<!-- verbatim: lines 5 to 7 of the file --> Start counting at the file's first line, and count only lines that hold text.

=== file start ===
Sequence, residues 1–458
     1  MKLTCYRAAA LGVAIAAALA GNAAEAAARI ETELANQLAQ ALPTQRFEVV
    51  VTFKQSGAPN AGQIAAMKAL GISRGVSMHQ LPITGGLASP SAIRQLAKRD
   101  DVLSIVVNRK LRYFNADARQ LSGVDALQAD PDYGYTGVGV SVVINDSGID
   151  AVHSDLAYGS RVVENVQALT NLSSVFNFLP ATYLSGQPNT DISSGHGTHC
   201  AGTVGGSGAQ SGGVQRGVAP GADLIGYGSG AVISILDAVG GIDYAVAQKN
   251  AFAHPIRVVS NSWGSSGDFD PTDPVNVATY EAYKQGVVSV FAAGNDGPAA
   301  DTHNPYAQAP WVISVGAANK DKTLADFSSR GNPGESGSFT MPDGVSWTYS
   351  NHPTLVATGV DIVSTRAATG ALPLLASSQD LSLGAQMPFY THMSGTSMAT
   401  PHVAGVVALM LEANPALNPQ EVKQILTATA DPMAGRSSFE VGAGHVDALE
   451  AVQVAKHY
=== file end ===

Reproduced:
   151  AVHSDLAYGS RVVENVQALT NLSSVFNFLP ATYLSGQPNT DISSGHGTHC
   201  AGTVGGSGAQ SGGVQRGVAP GADLIGYGSG AVISILDAVG GIDYAVAQKN
   251  AFAHPIRVVS NSWGSSGDFD PTDPVNVATY EAYKQGVVSV FAAGNDGPAA